Xiaolangdi – A project by Alain Feliu; The construction of a dam on the Yellow River in China.

(c) Alain Feliu courtesy Jecza Gallery

(c) Alain Feliu courtesy Jecza Gallery

Currently on view @ Jezca Gallery! October 17 – November 20

[Special thanks to Jezca Gallery for allowing us to share their PR with our followers.]

Alain Féliu (French artist) followed the construction process of a dam in Xiaolangdi. During three years time, using a large format 4 by 5 inch camera, Alain Féliu captured the evolution and implications of this construction project on the landscape, the environment and the people.

His photographic journey, in an unknown territory, means for many of us, the chance to explore this vast country, its people and policies. The series also shows the way nature and communities learn to adapt, move or change – in the region of Xiaolangdi more than 170.000 people had to move their homes in order to escape the flood, to give only one example.

This powerful exhibition doesn’t speak only about a 154 meter high and 1000 meter long Chinese dam, the project is more a metaphor for one of the biggest countries in the world – China – with its hierarchies, culture differences, people and constant evolution.

In his own introduction to the series the artists recalls his fascination for this site: “Xiaolangdi (“Small Deep Wave”/translation of name in English) is one of those places of an intense poetry and of whose imaginary you can no longer escape.

 So you return.”

(c) Alain Feliu courtesy Jecza Gallery

(c) Alain Feliu courtesy Jecza Gallery

 

If you are in Timisoara, Romania make sure you check out the show!

Jezca Gallery/ Calea Martirilor 51/52-53 / Timisoara, Romania

For more info email: jezca@jezcagallery.com

Cheers!

XX, CHC

@CultureHeARTs

 

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Ai Weiwei’s #Gunleg – The Current Political Trend, Art Activism

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The first thing I do when I wake up is groggily reach out for my iPhone for the time, my morning news updates, messages and emails…. AND what has become a vital part of my day, my INSTAGRAM feed. This is where I get my real news, most importantly including the THE CURRENT HAPPENINGS OF THE ART WORLD.

Naturally I assumed I would get a variety of posts when I woke up last week; however, what stared back at me from my rectangular mobile screen was a series of legs aimed like guns about to be fired into my retinas. I kept scrolling down, anxious for a family picture or a meal post, but all I kept getting were these limbs raised as if ready for WAR.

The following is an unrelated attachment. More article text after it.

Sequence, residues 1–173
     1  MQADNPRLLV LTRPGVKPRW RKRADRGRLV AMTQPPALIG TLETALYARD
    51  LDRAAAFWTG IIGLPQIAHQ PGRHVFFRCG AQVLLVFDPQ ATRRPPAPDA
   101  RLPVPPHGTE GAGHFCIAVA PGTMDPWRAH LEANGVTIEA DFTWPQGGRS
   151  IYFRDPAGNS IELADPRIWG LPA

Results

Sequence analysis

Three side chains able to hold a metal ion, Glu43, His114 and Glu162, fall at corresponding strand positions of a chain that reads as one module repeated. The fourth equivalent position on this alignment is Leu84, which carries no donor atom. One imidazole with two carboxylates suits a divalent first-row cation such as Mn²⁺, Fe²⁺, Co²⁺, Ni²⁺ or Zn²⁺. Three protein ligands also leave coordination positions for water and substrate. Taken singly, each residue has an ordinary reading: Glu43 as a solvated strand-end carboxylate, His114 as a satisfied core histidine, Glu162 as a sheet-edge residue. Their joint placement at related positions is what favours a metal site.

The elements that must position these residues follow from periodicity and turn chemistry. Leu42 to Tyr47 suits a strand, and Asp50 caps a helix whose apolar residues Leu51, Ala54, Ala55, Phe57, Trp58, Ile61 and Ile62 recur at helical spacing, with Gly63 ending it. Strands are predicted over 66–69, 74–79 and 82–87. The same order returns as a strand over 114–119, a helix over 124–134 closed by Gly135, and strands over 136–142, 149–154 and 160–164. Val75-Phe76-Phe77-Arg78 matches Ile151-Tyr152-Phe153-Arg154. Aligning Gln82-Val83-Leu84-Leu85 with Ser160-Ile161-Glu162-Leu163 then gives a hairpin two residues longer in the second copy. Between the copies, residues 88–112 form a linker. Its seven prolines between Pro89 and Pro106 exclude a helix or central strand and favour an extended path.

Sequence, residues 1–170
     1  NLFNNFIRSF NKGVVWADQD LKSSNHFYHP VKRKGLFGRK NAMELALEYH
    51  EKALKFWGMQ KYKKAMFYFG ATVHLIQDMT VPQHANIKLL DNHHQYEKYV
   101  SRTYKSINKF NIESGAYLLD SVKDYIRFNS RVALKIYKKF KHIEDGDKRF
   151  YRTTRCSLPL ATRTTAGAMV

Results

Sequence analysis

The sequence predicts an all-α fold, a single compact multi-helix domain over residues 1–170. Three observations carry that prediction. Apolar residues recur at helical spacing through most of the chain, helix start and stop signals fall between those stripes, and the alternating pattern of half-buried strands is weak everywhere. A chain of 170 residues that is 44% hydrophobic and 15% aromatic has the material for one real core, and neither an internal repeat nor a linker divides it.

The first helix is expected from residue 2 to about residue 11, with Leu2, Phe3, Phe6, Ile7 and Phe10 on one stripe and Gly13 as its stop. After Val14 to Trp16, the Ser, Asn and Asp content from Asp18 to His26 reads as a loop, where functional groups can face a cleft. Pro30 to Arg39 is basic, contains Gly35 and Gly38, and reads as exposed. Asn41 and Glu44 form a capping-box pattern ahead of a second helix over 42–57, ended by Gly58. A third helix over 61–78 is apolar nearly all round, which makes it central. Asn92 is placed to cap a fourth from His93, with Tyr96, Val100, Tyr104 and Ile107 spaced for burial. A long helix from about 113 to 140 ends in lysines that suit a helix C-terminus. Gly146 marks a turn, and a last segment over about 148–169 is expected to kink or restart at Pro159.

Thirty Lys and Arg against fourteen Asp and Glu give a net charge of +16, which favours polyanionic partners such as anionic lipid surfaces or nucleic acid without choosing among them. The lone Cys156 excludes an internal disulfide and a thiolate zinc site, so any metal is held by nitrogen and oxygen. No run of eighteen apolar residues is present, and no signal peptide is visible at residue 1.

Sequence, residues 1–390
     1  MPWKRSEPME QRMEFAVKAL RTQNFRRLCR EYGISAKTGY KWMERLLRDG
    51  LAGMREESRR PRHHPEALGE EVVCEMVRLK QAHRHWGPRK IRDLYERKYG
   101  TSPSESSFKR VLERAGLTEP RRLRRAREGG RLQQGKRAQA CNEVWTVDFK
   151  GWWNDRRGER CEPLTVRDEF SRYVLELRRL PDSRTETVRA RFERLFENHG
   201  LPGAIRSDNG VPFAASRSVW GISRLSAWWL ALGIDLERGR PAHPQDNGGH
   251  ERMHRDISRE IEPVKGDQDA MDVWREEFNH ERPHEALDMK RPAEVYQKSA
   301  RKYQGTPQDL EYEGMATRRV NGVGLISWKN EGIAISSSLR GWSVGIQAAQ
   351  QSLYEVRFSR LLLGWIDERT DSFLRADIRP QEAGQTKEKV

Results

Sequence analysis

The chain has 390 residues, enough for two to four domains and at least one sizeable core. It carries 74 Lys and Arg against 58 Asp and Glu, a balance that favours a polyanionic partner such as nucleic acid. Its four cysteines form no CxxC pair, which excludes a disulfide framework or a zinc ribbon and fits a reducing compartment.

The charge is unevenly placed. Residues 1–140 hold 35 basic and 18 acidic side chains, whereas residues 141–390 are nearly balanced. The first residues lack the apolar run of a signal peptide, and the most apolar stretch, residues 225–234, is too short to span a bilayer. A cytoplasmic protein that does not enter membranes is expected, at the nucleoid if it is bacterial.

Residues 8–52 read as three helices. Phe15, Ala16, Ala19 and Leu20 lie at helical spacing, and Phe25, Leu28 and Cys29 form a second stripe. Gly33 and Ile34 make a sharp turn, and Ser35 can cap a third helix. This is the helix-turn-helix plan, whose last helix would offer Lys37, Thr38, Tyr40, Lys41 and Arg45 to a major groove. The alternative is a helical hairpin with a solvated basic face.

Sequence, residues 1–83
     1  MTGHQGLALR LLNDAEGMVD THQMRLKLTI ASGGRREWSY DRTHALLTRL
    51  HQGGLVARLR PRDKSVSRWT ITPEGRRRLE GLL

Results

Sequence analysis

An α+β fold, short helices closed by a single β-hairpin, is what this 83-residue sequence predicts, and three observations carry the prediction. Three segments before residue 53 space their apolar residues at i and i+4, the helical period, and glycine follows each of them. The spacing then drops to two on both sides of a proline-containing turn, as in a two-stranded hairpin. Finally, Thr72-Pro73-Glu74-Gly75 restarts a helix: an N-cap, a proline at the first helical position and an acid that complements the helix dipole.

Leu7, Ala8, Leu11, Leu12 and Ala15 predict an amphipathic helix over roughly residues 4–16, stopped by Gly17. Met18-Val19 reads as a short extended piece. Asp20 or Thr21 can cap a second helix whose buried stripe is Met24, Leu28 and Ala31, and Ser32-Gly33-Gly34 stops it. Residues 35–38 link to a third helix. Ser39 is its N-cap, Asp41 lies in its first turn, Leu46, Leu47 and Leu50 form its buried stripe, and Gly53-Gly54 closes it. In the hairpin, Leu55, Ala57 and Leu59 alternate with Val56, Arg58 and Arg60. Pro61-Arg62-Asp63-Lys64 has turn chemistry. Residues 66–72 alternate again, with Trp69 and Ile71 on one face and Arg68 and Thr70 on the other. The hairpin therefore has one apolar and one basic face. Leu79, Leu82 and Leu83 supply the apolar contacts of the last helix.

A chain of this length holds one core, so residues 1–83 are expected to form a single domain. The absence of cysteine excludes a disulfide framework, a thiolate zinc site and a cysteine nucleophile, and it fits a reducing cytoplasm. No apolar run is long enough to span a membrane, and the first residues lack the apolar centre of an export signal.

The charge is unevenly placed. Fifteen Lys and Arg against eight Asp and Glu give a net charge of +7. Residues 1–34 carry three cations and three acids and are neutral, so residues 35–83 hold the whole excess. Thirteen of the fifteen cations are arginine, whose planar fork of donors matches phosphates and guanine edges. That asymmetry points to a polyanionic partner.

It took me a moment to realize it was the doing of NOTORIOUS Chinese artist and political activist Ai Weiwei, who posted the first picture wearing nothing than his underwear a traditional straw hat and sticking his leg out like a gun (pictured above), the artist created a visual stimulation that may address so many underlying factors, with the caption “Beijing Anti-terrorist Series”.

Naturally before overthinking this, I felt the need to JOIN IN. That evening, I took my first #gunleg photo and posted it on my Instagram, within 5 minutes, as I was checking for my followers responses, I realized that Ai Weiwei had reposted my picture. It literally made me jump with joy, as this LEGEND reposted my #GUNLEG.

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Here I am in my home in London with the artist being literally across continents, and within a space of minutes he has seen my picture and acknowledged it (see image above). Thus my OBSESSION began, and #GUNLEG is a current trend I have still not gotten enough of.

Being confined to one country has NOT stopped the artist from spreading his ideas globally. Like anyone living in our world, Weiwei took to SOCIAL MEDIA to create one of the fastest growing meme’s that may finally ‘out-post’ grumpy cat photos … This time it happens to be in the form of one of the FEW social media platforms that is UNBLOCKED and UNBANNED in China – Instagram. Now, you have the POWER to take politically charged selfles, and to get legit recognition for

Ever since several articles on the Guardian, Washington Post and BBC News to name a few have written articles trying to deduce Weiwei’s ultimate connotation, since his team have refused to respond to any inquiries. Some say it has drawn inspiration from The Red Detachment of Women, a state-sanctioned ballet that was famously shown to President Richard Nixon during his 1972 visit to China as a portrayal of women’s rise in the communist party. While others claim it is in direct correlation with the 25-year anniversary of the protests in the Tiananmen Square, satirically commenting on China’s onerous Cultural Control (The Guardian).